______________________________________C-130 Cargo Aircraft (100 ft. hull)Wing Span 120 feetWing Chord 11.8 feetAspect Ratio 9.5Wing Area 1420 sq. feetMain Cargo Bay Volume 3400 cu. feetBixel Double Wing Cargo Design (100 ft. hull length)Aspect Ratio 0.25 0.33 0.50Wing Span 50 feet 66 feet 100 feetWing Area (sq. ft.) 3750 4950 7500Cargo Bay Vol. (cu. ft) 20,000 27,000 40,500______________________________________
The ground effect envelope is generally considered to be one quarter of the aircraft's wing span or one and one third the wing chord.
A C-130 aircraft with a 120 ft. wing span will have a 30 ft. deep ground effect envelope.
The double wing design with the a 100 ft. wing chord will have a 133 ft. deep envelope, four times that of conventional aircraft designs.
As a military transport: FIG. 5 illustrates a very large cargo vehicle of this design (300 feet long, 100 feet wide, and 33 feet deep cargo bay). This one vehicle could replace several squadrons of C-5 cargo aircraft and transport military tanks/trucks, hardware, and personnel almost anywhere in the world, without the requirement for large airfields. Commercial cargos normally carried by slow ships; i.e., automobiles, electronics, perishable food/products would have their shipping time reduced by a factor of ten (10). The largest modern cargo aircraft can only carry four to six (4-6) military tanks or trucks. To fly the Atlantic Ocean, the fuel weight required is nearly the weight of the aircraft. To double the size of these aircraft is not practical, because to double the size makes the vehicle weight go up eight (8) times, while only increasing the wing area by a factor of four (4). Doubling the aircraft size will produce an aircraft too heavy to fly. Present large cargo aircraft require the largest and strongest runways available to operate. These high strength runways are few and could be easily eliminated in war time. The cost of these large cargo aircraft does not justify their existence, except as military vehicles.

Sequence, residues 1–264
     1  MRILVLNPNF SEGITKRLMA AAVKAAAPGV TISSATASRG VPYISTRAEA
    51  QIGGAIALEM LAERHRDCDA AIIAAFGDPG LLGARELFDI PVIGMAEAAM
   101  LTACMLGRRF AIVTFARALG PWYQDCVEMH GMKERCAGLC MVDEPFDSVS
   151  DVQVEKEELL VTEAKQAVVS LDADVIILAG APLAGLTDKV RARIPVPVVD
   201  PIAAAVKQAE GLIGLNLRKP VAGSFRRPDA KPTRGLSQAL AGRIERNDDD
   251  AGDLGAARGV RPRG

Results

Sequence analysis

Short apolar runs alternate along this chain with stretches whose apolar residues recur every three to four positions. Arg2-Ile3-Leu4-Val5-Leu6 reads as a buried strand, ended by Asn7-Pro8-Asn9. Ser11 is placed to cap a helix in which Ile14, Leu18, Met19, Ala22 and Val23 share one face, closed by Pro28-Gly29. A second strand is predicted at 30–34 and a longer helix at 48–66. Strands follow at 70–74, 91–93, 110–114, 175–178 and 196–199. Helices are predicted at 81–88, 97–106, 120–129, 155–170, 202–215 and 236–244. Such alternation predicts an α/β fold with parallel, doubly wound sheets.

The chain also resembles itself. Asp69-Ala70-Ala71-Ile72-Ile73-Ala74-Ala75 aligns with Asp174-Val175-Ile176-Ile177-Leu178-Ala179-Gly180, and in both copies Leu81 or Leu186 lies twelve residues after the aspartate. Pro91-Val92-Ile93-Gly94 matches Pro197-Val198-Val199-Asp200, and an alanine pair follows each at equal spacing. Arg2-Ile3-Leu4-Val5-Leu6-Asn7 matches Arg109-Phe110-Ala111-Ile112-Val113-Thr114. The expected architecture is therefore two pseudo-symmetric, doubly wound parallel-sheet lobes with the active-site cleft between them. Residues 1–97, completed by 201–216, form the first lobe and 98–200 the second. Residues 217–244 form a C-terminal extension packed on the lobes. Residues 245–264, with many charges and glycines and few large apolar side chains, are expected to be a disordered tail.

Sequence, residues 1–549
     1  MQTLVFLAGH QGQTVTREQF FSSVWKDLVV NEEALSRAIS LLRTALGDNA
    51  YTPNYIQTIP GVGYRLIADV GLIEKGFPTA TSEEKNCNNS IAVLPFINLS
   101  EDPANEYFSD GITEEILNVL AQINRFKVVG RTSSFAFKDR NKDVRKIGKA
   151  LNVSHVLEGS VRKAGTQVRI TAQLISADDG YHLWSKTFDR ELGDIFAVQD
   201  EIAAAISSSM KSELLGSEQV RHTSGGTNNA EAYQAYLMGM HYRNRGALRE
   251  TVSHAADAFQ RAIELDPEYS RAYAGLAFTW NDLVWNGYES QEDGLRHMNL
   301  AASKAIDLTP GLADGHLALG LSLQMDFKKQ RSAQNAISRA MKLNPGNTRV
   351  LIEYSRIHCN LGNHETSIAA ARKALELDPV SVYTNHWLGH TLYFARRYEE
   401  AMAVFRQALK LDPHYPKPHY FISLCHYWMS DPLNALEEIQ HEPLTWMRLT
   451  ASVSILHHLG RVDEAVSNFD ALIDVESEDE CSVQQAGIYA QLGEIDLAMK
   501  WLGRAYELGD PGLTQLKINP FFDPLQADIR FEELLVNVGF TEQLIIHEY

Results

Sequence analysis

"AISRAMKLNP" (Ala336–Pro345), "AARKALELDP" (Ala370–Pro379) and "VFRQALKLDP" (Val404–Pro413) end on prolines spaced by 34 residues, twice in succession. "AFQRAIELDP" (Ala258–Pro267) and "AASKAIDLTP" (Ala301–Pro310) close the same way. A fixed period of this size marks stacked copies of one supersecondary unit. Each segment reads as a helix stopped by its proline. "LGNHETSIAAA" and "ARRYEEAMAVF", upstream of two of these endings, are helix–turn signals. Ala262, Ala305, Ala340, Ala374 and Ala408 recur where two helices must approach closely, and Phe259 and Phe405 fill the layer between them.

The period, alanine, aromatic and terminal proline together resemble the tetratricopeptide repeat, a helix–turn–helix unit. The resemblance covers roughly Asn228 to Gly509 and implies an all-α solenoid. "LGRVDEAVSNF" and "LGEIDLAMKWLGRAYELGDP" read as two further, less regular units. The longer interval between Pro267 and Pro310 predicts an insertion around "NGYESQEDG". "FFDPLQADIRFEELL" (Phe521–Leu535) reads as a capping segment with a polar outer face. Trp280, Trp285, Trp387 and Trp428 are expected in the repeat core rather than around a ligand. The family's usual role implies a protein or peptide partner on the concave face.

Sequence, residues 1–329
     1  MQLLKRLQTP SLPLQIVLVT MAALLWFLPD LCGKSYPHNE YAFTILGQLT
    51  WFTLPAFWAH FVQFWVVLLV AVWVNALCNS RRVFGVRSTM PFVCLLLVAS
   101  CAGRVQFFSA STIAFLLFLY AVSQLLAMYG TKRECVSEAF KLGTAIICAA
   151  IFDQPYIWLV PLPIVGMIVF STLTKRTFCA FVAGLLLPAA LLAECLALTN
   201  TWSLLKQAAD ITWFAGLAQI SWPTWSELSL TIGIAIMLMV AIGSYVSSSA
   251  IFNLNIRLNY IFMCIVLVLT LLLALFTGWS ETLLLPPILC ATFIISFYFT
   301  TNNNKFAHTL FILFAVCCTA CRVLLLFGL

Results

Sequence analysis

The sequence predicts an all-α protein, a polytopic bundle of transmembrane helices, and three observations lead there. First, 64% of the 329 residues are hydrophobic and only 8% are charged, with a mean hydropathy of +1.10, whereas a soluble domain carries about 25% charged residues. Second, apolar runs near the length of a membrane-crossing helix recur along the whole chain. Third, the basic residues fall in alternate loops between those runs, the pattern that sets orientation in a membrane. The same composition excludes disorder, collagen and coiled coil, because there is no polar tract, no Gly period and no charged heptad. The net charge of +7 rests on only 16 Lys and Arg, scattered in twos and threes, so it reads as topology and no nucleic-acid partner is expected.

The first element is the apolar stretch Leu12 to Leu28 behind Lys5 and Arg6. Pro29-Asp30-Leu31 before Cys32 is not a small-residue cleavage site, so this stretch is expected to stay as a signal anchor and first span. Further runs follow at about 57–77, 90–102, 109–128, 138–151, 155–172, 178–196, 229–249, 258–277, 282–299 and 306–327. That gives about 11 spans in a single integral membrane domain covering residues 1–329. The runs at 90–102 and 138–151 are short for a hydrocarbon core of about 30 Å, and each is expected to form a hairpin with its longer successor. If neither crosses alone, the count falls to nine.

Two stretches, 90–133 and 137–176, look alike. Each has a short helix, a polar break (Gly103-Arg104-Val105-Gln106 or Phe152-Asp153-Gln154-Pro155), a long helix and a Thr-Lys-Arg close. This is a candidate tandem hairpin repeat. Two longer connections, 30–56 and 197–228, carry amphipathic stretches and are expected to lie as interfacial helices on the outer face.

Note: The meaning of "Ground Effect" as opposed to "Hovercraft". A Hovercraft is a vehicle which mechanically generates a contained air cushion or bubble beneath itself to reduce the wetted area of the hull, thereby reducing the water drag and also producing a nearly zero draft marine vehicle. Aeronautical engineers note GE as that increased lift generate when operating in close proximity to a surface plane.
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|U.S. Classification||180/117, 180/126|
|International Classification||B60V1/00, B60V1/08|